Sermon Commentary for Sunday, January 12, 2020

Matthew 3:13-17 Commentary

Poor John.  It didn’t look right.  What was going on here?  This was not the public appearance of Jesus that John had set everyone up to see (cf. Matthew 3:1-12 for goodness sake!!!).  As Matthew 3 ends, you can almost picture John the Baptist carrying on with the rest of that day’s baptisms with a blank, vacant look on his face.  He said all the familiar liturgical words and kept dunking people in the river and all, but his mind was not on his work.  Why would Jesus have let himself be so anonymous?  Why did he let himself look like any other mere mortal (and a sinful mortal too)?!  Where was the fire, the axe, the razzle-dazzle John had been hopping up and down screaming about for so long now?  It’s like John had been predicting Sylvester Stallone but instead Mister Rogers showed up.

It no doubt addled John’s mind because it all ties in finally with the mind-boggling mystery of the incarnation.  Jesus was a mere mortal.  He really was human.  He could blend in with the crowd–he did.  Yes, we readers have the inside track on knowing he is also God’s beloved Son, but he’s human, too–so human as to share our lot in a sinful world.  Jesus himself was not sinful but he was squarely identified with a sinful race and so, on our behalf, let himself get treated as though he were a sinner.  It would not be the last time he was so treated, of course.  But that’s why he became human.  And it is that very humanness which sets up the opening of also Matthew 4.

After all, prior to Matthew 4 had you ever before heard of the devil tempting God?  Of course not.  (Even the odd scene that opens The Book of Job is not tantamount to temptation.)  When God is shining in all his mighty splendor, the devil cannot even get close to God.  And even if the devil could get close, he could never tempt God.  There would be no sense in trying since there would be zero chance of success.  Trying to tempt God to sin would be like thinking you could actually pull a mountain behind you by tying a rope to a tree on the mountainside and giving the whole thing a good tug.  Only a fool would think you could move a mountain by pulling on it, and so also with God and temptation: the devil would never be able to do it.  You’re just not going to move God.

Until Matthew 4.  What has happened suddenly to make the devil decide to try to pull the mountain along after all?  The Son of God has become human.  Suddenly the “mountain” of God has been reduced in Jesus to a significantly more manageable lump of clay.  Maybe this one would yield to some serious tugging and pulling.  It didn’t work, of course.  In the end Jesus proved that he was human enough to be tempted but God enough not to succumb.  At the Jordan River Jesus likewise proved that he was God enough to understand why John was protesting but human enough humbly to let it happen anyway.  In both cases Jesus cast his lot with us. Jesus looked into the waters of death which baptism represents, he looked into the wilderness of sin and evil which we all face eventually: he looked into both places of death and sin and evil and said to us, his very human brothers and sisters, “Wait here: I’ll go first.”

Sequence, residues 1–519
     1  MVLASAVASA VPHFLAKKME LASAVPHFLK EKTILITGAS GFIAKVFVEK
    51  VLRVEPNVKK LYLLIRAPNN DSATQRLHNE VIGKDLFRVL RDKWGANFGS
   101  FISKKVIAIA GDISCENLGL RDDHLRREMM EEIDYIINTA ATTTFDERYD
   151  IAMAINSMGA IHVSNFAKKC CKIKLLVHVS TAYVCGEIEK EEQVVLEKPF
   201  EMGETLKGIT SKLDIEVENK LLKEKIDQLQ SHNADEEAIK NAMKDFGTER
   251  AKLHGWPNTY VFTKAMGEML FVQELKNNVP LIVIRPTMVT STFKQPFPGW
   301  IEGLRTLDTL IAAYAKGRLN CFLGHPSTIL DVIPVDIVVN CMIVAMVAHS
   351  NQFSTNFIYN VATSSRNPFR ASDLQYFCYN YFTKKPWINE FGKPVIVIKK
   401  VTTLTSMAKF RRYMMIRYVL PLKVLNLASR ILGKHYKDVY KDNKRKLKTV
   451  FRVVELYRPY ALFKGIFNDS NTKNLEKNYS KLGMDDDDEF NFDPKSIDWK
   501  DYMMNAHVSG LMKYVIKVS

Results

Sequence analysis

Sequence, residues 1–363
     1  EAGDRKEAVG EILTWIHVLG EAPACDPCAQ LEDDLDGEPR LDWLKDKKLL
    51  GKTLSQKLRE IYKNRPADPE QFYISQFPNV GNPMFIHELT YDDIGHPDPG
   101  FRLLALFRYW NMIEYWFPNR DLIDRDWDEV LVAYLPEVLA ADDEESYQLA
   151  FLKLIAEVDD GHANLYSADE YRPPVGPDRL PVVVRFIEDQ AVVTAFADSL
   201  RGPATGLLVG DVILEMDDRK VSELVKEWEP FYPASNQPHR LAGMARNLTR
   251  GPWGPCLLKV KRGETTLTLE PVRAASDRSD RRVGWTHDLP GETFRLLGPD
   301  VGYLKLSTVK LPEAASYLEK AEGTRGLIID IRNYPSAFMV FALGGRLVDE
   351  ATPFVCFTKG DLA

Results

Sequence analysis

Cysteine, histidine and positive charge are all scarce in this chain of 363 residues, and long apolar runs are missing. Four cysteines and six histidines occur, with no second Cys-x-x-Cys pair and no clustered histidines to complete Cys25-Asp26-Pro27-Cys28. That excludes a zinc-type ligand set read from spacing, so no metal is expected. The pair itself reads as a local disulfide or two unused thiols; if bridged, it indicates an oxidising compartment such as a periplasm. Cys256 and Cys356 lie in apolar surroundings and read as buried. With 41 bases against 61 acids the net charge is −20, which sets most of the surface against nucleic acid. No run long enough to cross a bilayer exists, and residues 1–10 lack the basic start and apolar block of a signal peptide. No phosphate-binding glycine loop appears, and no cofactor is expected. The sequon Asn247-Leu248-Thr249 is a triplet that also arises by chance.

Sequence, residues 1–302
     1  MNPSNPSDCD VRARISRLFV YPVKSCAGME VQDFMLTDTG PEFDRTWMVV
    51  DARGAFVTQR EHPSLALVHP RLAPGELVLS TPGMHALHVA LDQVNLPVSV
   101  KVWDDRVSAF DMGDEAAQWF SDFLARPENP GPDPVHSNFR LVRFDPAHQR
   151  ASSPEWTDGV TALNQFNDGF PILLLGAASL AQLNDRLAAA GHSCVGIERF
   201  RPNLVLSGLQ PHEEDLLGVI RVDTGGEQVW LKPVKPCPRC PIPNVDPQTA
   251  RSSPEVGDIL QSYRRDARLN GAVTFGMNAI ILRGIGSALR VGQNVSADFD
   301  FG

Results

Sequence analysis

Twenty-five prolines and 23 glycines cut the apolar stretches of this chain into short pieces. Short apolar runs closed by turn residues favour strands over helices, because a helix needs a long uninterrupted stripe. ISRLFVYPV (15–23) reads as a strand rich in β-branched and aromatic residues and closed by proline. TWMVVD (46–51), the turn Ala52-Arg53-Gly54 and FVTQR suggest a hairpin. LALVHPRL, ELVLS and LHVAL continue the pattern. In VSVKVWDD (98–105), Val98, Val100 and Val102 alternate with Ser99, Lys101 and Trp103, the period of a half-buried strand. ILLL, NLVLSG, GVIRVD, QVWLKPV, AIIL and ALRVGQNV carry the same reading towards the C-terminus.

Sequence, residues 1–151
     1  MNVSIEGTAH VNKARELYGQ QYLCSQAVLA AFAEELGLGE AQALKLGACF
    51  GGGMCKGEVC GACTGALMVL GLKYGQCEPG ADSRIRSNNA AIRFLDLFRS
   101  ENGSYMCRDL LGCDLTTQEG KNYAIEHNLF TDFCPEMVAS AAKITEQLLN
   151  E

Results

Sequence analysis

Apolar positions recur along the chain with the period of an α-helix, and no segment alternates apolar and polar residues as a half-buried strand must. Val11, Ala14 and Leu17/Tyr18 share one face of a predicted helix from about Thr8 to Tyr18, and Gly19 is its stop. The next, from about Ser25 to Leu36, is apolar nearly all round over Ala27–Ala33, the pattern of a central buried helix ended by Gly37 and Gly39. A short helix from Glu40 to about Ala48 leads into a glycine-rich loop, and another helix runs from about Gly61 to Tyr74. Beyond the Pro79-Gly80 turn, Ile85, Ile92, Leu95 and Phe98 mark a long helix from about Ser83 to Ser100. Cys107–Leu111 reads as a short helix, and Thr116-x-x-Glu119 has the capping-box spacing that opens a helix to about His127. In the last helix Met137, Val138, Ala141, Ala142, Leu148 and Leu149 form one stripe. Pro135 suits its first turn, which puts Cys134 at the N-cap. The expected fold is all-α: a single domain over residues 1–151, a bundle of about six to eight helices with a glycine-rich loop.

We, like John, would maybe prefer a Jesus who looks less humble and more proudly powerful; less vulnerable and more self-assuredly victorious.  John the Baptist wanted Jesus to take over the preaching that day, to fill the air with words even more fiery and images even more arresting than John’s own sermons had contained.  But Jesus declined.  Instead he wordlessly waited in the baptism line, wordlessly shuffled into the baptismal waters, and then wordlessly wandered off into the sunset to face God-knows-what in the wilds of the wilderness.  Jesus held back.  He was silent.  He was humble.  He was vulnerable.

Yet somehow it is maybe Jesus’ silence that saves.  Before the gospel is finished Jesus will quite famously stand in silence before the likes of Pontius Pilate.  Jesus quite consistently seems to know more than he’s willing to tell and yet it is somehow precisely this holding back, this willingness to say little or nothing, that manages to make everything work out in the end.  Sometimes it’s the silence that saves–or at least there is more going on in the relative silence of things than we know.  It’s not empty silence but pregnant silence.

It is fully possible, based on Matthew’s account at least, that Jesus’ baptism was one of dozens that long ago day at the Jordan River.  It’s fully possible that few if any noticed anything unusual about that particular baptism.  But isn’t that how we view all the baptisms we witness?  The parents bring the baby to the font or an adult steps down into the baptismal tub and in any given congregation, we’ve seen such a sight scores of times before.  We don’t expect anything unusual to happen, and to our watching eyes and listening ears, nothing does happen, either—nothing beyond what we expected anyway.